"OTL" Segment On Hank Williams Jr. Quickly Turns Into A Heated Scream Fest
Thursday's edition of ESPN's "Outside The Lines" was dedicated to the net's decision to drop Hank Williams Jr. from its "MNF" broadcasts, but one of the featured panels quickly denigrated into personal attacks on one another over Southern culture, country music and religion. The Nation's Dave Zirin in an earlier segment said Williams' song "If The South Had Won” was “profoundly offensive.” Zirin said, “You got to stand for something. Otherwise, you get to a much more frightening place where it’s like, ‘Hey, let’s all be racist, Confederate goons and see where the chips fall.’” Syndicated radio personality Paul Finebaum noted people in Alabama “love Hank Williams” and added, “What people down here don’t like are people like Dave Zirin making idiotic statements about country music songs that Hank Williams has written. I’ve respected Dave for a long time but I think the statement he made today is the single stupidest I’ve ever heard in the history of this program.” The following is an exceprt from the ensuing conversation between Zirin, Finebaum and fellow panelist ESPN's Bomani Jones.
|Zirin: “It’s a slap in the face to country music because it’s a stereotype about country music that everybody who’s involved in it believes in the Confederate flag, believes in oppressing people and believes in the idea that comparing the president to Adolf Hitler is somehow a good thing.” |
Finebaum: “Dave, you don’t know what you’re talking about.”
Zirin: “There’s actually a large African-American population in the south too, Paul. You might want to think about them as you talk about the south and what is or isn’t defensible.”
Finebaum: “No kidding? I have thought about it.”
Jones said the “problem” with Williams’ song is that “there’s not a single mention of black people anywhere in the entire song.”
|Jones: “It is a Southern utopia and you would have no idea black ever existed in that song, so I don’t find that statement necessarily to be ridiculous that he made.” |
Finebaum: “First of all, my parents are from New York. I happen to be Jewish. I lost relatives in the Holocaust, so I don’t need Dave Zirin or Bomani Jones lecturing me on my background or my culture.”
Jones: “I didn’t say a thing to you about your culture.”
Finebaum: “I’m just sick and tired of people from elsewhere ... making fun of people down here. These are good people. They’re not racist, they’re not bigots, they just happen to like country music.”
Jones: “Excuse me, excuse me, excuse me -- you are not anymore Southern than me. I was born in Atlanta, I grew up in Texas. I don’t feel the need to prove that. I haven’t made any jokes about anybody from Alabama.”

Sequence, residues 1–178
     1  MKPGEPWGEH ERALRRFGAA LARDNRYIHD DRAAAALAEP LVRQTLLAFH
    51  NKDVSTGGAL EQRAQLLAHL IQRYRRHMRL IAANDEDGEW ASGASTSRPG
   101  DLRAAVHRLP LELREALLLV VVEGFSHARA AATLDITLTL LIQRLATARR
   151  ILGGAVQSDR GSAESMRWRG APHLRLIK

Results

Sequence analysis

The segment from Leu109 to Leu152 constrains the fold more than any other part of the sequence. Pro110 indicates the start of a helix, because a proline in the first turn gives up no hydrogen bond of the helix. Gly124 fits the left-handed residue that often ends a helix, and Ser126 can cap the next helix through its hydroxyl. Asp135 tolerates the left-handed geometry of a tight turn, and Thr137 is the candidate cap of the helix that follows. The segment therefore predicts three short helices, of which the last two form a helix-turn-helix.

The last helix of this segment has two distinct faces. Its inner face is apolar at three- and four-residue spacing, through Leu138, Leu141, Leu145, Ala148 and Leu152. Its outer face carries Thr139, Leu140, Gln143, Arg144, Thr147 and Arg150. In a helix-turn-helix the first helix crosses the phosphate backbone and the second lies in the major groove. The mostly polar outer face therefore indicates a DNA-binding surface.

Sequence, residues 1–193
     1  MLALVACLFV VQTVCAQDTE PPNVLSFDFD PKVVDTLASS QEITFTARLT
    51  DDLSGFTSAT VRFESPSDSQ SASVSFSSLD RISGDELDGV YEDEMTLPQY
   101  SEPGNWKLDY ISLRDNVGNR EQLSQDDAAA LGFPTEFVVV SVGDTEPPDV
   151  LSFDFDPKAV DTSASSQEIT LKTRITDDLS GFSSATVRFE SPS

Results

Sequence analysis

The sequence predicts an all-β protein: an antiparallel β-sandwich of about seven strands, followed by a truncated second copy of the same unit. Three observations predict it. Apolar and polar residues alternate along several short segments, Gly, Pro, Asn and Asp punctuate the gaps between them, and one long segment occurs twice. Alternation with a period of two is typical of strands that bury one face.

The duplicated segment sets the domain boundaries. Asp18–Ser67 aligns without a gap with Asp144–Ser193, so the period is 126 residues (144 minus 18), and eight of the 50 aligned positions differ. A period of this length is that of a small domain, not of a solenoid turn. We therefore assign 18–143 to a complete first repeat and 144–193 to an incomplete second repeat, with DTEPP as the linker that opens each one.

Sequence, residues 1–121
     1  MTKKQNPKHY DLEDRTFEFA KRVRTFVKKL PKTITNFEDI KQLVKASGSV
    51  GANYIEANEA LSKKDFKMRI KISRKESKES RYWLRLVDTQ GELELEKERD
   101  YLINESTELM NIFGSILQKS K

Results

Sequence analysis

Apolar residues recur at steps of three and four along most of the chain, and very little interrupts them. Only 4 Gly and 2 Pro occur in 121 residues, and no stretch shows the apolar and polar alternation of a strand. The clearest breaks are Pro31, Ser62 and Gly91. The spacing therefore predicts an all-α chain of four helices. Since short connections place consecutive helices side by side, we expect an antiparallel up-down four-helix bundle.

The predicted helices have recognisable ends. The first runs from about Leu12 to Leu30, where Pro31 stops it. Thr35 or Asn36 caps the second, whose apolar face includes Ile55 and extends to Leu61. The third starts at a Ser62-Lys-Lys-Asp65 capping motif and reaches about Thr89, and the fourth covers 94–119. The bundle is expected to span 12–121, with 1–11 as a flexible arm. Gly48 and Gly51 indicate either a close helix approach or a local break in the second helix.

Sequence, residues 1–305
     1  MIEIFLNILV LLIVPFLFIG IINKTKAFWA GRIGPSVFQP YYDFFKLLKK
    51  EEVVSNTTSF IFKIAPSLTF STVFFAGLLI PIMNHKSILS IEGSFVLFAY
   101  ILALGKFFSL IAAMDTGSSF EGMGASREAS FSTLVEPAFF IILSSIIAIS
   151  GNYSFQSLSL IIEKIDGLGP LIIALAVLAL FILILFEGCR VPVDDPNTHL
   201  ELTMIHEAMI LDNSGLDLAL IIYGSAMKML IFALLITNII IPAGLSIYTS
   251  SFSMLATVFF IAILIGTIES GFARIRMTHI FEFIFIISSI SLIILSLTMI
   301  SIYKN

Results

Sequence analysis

Finebaum: “You’re the one talking about black people down here, not me.”
After Jones further discussed the lyrics of the Williams song, he said to Finebaum, "Please do not misrepresent me.”
|Zirin: “Please don’t do that either, Paul. Paul, that’s an outrageous statement. If you want to talk about my relatives that died in the Holocaust or my time in the South, we can do that. That’s not germane to this discussion at all and frankly, it’s cheap and unprofessional to bring that into this discussion.” |
Finebaum: “You’re lecturing me on what’s unprofessional, Dave. Give me a break.”
Zirin: “Paul! Let me finish! ... Why don’t you do a Google search of ‘Hank Williams Jr./Confederacy’ and see what comes up. It is a cottage industry.”
Finebaum: “I know Hank Williams Jr., Dave. I don’t need to do a Google search. I can call him up on the phone and I know what he stands for. He’s a country music entertainer. You get that? Entertainer!”
ESPN's T.J. Quinn, who was moderating the panel, said it is "very clear that Hank Williams’ name cannot come up right now without very strong sentiments from either side.”
|Finebaum: "We’re re-fighting the Civil War, and I hear Dave Zirin making fun of the Confederacy. Well, a lot of people died in that. We just happen to be part of the United States of America, Dave. The Confederacy is long gone, buddy.” |
Zirin: “A lot of people did die in the Civil War fighting to end human bondage” (“Outside The Lines,” ESPN, 10/6).
REMINISCENT OF DAYTIME TALK SHOWS: In Alabama, Ben Flanagan reported Finebaum "did not sound particularly proud of the segment." He said, "It was Ricki Lake meets 'Outside the Lines.'" Flanagan noted the "satellite delay didn't help matters ... as all four men on the show, including the host, began yelling at once to make points and attempt to keep the discussion in order." Finebaum said, "I'm sure they'll never have me back. I'll be banned from ESPN for life" (AL.com, 10/6). DEADSPIN.com wrote under the headline, "A Hank Williams Jr. Discussion Turned ESPN’s OTL Into 'The Morton Downey Jr. Show'" (DEADSPIN.com, 10/6). AWFUL ANNOUNCING's Matt Yoder wrote Jones "tried to add some rational, good points to the argument, but any sense and perspective was drowned out with a lot of yelling" (AWFULANNOUNCING.com, 10/6). The Chicago Tribune's Teddy Greenstein wrote, "Man, Paul Finebaum got absolutely decapitated today on ESPN's 'Outside the Lines'" (TWITTER.com, 10/6).
FEEDING THE BEAST: YAHOO SPORTS' Chris Chase wrote, "And so it goes that a discussion about an ESPN decision on an ESPN show turned into an ESPN argument and, thus, more publicity for ESPN's 'Monday Night Football'" (SPORTS.YAHOO.com, 10/6). Bleacher Report's Dan Levy wrote, "Outside the Lines AND Around the Horn (and presumably PTI) talking about Hank Williams. Maybe ESPN is a little too out in front of this" (TWITTER.com, 10/6).